With the passing of years vigour gets bored and leaves your body. Fatigue, your newest and closest friend says “Hello” nearly every afternoon, and suggests it join you for a nap. Your eyes, with regard to the opposite sex and food, tend to be much larger than your ability to quench any remaining appetites, and you are left with nothing to offer the world but your wisdoms, garnered over seventy-four years of possibly sober and reflective living.
However sober and reflective living are not the factors which brought me to my current “Glory-hole” or small bed-sitting room, complete with tired furniture and a bed, which would creak if I had anyone to creak it with: I have lived largely without the company of prudence. I have been married twice, arrived at through a surfeit of manners and guilt, but managed to avoid love on both occasions, so that wondrous belief in the gentle acceptance of a person’s eccentricities, other than your own, has been denied me. It is while under the influence of a much slandered liquid that I’ve gathered many of my best experiences, but that insight is no longer welcome in an age where longevity is more valued than fun
I did experience love once, with my closest friend of the time’s wife, somewhere during my second marriage, and thought magic had overtaken my life. It turned out, as it happens, to have been more a case of the northern lights: beautiful, transfixing certainly, but ultimately without the warmth which gives the heart cause to beat again. I have her photograph, smiling at the photographer, not me, and I look at it sometimes when I feel the need for company. I provided her, I like to think, with a sense of the wealth present in the intangible, which awareness he lacked, while he supplied her material comforts, but finally comfort won over artistic sensibility robbing me of my one true love and my best friend in a single scandal.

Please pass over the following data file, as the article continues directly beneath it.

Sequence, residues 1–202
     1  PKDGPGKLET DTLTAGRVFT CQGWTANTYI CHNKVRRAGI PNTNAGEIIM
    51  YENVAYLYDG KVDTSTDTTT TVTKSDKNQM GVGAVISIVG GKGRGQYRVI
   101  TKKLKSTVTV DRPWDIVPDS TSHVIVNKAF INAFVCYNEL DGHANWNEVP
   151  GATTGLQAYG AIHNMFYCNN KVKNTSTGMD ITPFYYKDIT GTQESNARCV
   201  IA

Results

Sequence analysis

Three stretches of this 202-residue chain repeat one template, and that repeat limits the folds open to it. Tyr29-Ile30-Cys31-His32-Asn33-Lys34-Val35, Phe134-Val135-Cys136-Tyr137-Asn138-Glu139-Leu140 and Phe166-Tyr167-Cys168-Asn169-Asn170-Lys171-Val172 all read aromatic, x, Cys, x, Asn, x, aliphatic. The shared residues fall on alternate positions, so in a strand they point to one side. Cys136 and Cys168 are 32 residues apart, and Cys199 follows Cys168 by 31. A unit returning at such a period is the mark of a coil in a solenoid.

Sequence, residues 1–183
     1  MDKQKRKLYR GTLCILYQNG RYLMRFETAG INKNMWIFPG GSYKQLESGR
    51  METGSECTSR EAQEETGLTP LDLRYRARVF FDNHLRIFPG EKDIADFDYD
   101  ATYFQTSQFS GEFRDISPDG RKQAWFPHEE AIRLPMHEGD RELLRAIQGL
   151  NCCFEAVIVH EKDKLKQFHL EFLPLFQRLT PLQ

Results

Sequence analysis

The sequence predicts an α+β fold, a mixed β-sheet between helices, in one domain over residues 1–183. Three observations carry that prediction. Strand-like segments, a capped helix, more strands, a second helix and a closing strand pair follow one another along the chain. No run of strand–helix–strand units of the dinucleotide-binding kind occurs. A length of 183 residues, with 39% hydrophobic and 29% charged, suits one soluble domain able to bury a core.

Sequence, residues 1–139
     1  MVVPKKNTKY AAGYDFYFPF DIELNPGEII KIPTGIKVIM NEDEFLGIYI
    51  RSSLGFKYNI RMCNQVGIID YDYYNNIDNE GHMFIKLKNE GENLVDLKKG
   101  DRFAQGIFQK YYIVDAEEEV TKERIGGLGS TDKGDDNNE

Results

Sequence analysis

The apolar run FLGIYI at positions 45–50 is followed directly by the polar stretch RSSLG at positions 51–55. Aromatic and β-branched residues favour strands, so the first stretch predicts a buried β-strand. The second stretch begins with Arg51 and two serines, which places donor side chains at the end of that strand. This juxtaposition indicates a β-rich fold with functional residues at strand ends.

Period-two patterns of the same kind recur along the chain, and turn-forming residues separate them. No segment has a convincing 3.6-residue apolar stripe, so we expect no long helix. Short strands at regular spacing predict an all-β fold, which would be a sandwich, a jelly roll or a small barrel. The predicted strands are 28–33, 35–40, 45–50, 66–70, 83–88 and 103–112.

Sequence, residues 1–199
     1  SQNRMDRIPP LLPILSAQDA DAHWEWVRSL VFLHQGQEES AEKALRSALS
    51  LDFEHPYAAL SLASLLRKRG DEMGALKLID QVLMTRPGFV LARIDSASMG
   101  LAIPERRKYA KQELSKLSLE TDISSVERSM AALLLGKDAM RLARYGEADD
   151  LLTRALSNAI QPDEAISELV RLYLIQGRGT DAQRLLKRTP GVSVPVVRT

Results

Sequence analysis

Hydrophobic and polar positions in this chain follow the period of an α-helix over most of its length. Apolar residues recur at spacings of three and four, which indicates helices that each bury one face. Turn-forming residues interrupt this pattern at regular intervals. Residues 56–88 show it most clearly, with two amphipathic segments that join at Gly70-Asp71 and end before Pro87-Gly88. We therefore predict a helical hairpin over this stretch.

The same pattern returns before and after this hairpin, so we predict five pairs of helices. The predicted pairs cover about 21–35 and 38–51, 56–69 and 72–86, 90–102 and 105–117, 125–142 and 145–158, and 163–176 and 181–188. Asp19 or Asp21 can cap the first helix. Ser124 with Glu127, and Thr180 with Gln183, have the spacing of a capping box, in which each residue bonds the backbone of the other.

I am not a repository of wisdom but more a warning sign to those who seek to follow a path like mine, full of raucous laughter, dancing, a lexicon of careers and a failure to keep an address book so that all those faces which become dearer over time live only in my memory. I am an example of how not to live a life if you want to retire in comfort admired by your peers. I am a barely living example of what might happen if you do not approach each decade with a battle plan. I am a burdensome responsibility to my local council who scan my health chart for longed-for signs of failing health, but there, again, I continue to disappoint. The good die young, apparently, while we more careless beings, hang on: the grim residue of a feckless existence.
I have little sense of moral or material responsibility, except for a feeling of guilt, and no means of paying for anything apart from my state pension, but I have a sense of fun. If some adventure-rich breeze would flow under my door, and pull me toward one last unlikely tryst, or bout of singing badly out of tune while under the influence of that precious liquid, I would grab it.
My only advice is not to heed advice: to burn the candle at both ends and somewhere in the middle; to cause scandal at any opportunity, but most of all, not to relapse into pious stagnation. While there is drink there is the apparition of hope, and if a girl smiles at me, almost regardless of age, I will return the favour. Not to do so would be rude, and a man without means can seldom afford to act without manners.